Graham Arnold’s strengths as a manager were obvious from his successful spell at the Central Coast Mariners. He fosters a strong team ethic, coaxes the best out of individuals and drills his side meticulously in their roles on and off the ball. Failure to implement these methods upon Japanese side Vegalta Sendai shouldn’t diminish the work he previously did in the A-League, and his appointment at Sydney FC is genuinely exciting for the possibility of him perhaps being able to finally marry their ‘big club’ reputation with on-field performances.
We’ve already seen evidence of his patient approach to possession play in the Football United matches against West Ham and Newcastle United. The video below highlights the changes in this particular phase of play:
The by-effect of Antonis dropping in, as elucidated in the video, is that the full-backs then have freedom to push forward, particularly because the lack of natural width in the diamond creates lots of space for them to charge into. This will inevitably suit Pedj Bojic, who was a regular under Arnold at the Mariners with his powerful forward running down the right. Sebastian Ryall, too, proved he is capable of providing thrust in the final games of Frank Farina’s reign, but Arnold seems less encouraged by the prospect of Matt Jurman as a left-back, having explicitly said in the media he’s looking for a new left-back in the market.
Another element of the Mariners system that Arnold is bringing to Sydney is a unique approach to pressing high up the pitch. In his 4-4-2 diamond system, Arnold asks the #10 (Nick Carle), to push forward between the two strikers and become the most advanced Sydney player, leading the pressure on the opposition centre-backs. The two strikers, in turn, split wide to cover the space between full-back and centre-back, creating a temporary front three that look to push the ball wide.
In the FFA Cup tie against Melbourne City, it was obviously Bernie Ibini and Corey Gameiro (the two starting forwards) were instructed to pass off the City full-backs, Iain Ramsey and Jason Hoffman, once they moved beyond the half-way line. This had the obvious consequence of allowing them to run free deep into Sydney’s half, with Ramsay causing a few problems with his delivery and energy from the left – but crucially, in the context of the game, it opened up space for Sydney to counter-attack into. Sasa Ognenovski, in particular, was keen to hit first-time long diagonals into the left channel for Gameiro to chase. Their first goal stemmed from this exact move – Redmayne’s decision to come flying out of his box was bizarre, but it was reflective of the pattern.
This, in some way, alleivates the concern about how Arnold will fit in the gluttony of forwards he has available to him – Shane Smeltz, Marc Janko, Corey Gameiro and Alex Brosque will fight for a striker role, while the latter can play as a #10, and Ibini likely to play a deeper role to the right of the midfield diamond (as he did against Newcastle and West Ham in the Football United tour, when both Gameiro and Brosque were fit).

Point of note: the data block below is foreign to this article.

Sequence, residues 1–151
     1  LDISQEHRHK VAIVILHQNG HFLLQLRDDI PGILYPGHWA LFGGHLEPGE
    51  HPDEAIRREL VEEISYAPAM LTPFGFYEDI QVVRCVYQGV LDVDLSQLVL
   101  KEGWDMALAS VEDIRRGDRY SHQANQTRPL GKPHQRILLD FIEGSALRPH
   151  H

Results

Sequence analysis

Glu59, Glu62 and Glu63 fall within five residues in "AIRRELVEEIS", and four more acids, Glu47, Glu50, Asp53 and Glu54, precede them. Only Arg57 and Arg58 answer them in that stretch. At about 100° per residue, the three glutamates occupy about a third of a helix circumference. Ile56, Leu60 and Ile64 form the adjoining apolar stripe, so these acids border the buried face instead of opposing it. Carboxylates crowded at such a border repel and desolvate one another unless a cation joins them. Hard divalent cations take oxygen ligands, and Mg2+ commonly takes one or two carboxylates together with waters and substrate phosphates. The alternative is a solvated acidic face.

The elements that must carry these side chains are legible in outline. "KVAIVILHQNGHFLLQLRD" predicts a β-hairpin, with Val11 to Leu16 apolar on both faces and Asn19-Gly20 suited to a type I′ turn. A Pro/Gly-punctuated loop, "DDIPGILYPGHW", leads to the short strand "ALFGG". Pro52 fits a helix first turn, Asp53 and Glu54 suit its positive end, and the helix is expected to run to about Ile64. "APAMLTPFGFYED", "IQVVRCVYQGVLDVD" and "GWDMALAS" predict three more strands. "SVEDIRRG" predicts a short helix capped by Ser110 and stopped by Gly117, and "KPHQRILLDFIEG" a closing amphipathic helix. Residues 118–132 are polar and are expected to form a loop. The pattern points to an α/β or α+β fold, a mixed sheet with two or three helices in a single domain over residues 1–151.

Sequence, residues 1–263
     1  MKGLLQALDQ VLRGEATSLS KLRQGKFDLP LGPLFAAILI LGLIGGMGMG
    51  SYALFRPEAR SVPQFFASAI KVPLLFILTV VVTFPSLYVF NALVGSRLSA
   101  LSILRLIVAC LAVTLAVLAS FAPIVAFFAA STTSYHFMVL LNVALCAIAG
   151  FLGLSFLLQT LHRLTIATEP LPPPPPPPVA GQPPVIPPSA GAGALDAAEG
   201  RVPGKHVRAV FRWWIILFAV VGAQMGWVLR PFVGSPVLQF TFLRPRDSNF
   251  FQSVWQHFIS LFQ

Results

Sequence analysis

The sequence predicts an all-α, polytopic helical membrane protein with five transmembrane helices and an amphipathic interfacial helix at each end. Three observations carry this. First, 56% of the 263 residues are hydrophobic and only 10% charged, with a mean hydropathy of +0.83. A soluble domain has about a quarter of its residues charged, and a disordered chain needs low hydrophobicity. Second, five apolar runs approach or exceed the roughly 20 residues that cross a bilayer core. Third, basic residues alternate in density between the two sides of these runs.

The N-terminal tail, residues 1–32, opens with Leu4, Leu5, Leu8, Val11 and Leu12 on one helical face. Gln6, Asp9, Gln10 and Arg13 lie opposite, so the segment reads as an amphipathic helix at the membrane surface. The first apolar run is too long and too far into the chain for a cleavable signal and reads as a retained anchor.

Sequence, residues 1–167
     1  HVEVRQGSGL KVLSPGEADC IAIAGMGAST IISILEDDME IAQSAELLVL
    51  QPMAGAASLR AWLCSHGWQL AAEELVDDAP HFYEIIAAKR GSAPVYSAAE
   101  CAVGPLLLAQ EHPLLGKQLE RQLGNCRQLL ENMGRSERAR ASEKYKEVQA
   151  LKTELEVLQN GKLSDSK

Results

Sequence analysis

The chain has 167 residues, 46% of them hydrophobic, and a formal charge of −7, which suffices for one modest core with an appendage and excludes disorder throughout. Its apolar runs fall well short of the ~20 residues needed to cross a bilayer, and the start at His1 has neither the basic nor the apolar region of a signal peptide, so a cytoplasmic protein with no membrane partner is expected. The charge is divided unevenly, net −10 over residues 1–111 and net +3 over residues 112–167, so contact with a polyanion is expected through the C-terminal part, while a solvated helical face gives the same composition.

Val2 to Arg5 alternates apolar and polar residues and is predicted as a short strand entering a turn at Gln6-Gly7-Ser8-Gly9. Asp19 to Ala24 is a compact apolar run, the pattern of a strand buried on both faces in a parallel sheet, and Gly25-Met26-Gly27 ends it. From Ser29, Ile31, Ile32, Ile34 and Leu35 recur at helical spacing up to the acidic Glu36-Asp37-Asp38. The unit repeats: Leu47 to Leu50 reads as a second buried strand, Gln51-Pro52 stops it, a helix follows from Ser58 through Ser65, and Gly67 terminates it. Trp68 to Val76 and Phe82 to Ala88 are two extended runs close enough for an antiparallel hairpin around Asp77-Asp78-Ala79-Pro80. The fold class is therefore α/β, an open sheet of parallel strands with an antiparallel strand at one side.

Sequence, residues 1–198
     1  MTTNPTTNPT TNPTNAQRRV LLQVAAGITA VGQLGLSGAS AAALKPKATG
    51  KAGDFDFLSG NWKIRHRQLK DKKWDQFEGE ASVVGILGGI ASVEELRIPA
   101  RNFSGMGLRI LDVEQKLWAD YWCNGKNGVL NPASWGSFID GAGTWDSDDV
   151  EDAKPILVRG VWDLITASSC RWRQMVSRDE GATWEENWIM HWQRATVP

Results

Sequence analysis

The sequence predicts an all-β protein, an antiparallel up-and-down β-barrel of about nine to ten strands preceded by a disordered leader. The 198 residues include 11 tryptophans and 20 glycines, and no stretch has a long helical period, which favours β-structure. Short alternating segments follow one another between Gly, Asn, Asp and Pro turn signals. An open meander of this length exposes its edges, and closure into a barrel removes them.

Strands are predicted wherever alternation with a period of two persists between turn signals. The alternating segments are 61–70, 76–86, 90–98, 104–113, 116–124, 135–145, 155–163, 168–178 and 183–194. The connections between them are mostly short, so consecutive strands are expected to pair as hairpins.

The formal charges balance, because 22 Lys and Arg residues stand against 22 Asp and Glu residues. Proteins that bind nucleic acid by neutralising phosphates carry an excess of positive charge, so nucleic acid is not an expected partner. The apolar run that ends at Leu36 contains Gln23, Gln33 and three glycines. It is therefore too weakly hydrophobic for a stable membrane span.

What’s interesting, too, about observing Sydney’s pre-season matches is the side’s obvious progression in their understanding and execution of Arnold’s structures – it felt simply like they’d ‘only’ worked on playing out from the back in the Newcastle/West Ham friendlies (which makes sense according to the timeline of pre-season), and gradually worked towards improving their pressure off the ball by the time of the FFA Cup tie. Time will tell how long it takes for the entire system to fall into place.
How many players from our Developement squads have moved onto gain 4/5 plus Socceroos caps?
From the AIS how many players have played for Socceroos.? From AIS how many players played more than 10 games in first and second year out of AIS.?
There seems to be a lot of debate on how we are not doing so well with our under 23 players making successfull careers as full,time professionals.
Does the FFA produce data/statistics on AIS production and how many players careers kick on after being in under 17, under 20, under 23 squads/ teams.
I am not sure the A League is developing or providing the right opportunities for our future Socceroos. Thank goodness a coach doesn\’t have to worry about relegation!….and have some serious australian youth KPIs.
It is amazing to see the success of FFA coaching plan with Okon and Vidmar taking significant roles in coaching. And to see Craig Foster coaching junior teams in FNSW.
Some great success in a US tournament and some very poor results in AFC youth tournament s.
Qualifying for the under 17 and under 20 World Cups and advancing to \”\”semis\”\” would be critical to player Developement and creating career awareness worldwide for them.
Do you have any plans to focus on Male youth development over the next 6 months?any facts and figures or data that is available?
Hi mate. Thanks for reading, and taking the time to comment.
In the future, this will be something the site will tackle – it\’s a big issue, and it needs to be given justice! Nevertheless, in short, I do think the system is heading in the right direction. The major issue with the pathways at the moment, for me, is the players decisions re:clubs, especially the U20-23 bracket that \’make it\’ onto the scene, then transfer to a club that doesn\’t really suit them. That, inevitably, is something unpredictable and every player is different – but it is a recurring issue that we\’re getting players leaving the A-League and getting very little game time elsewhere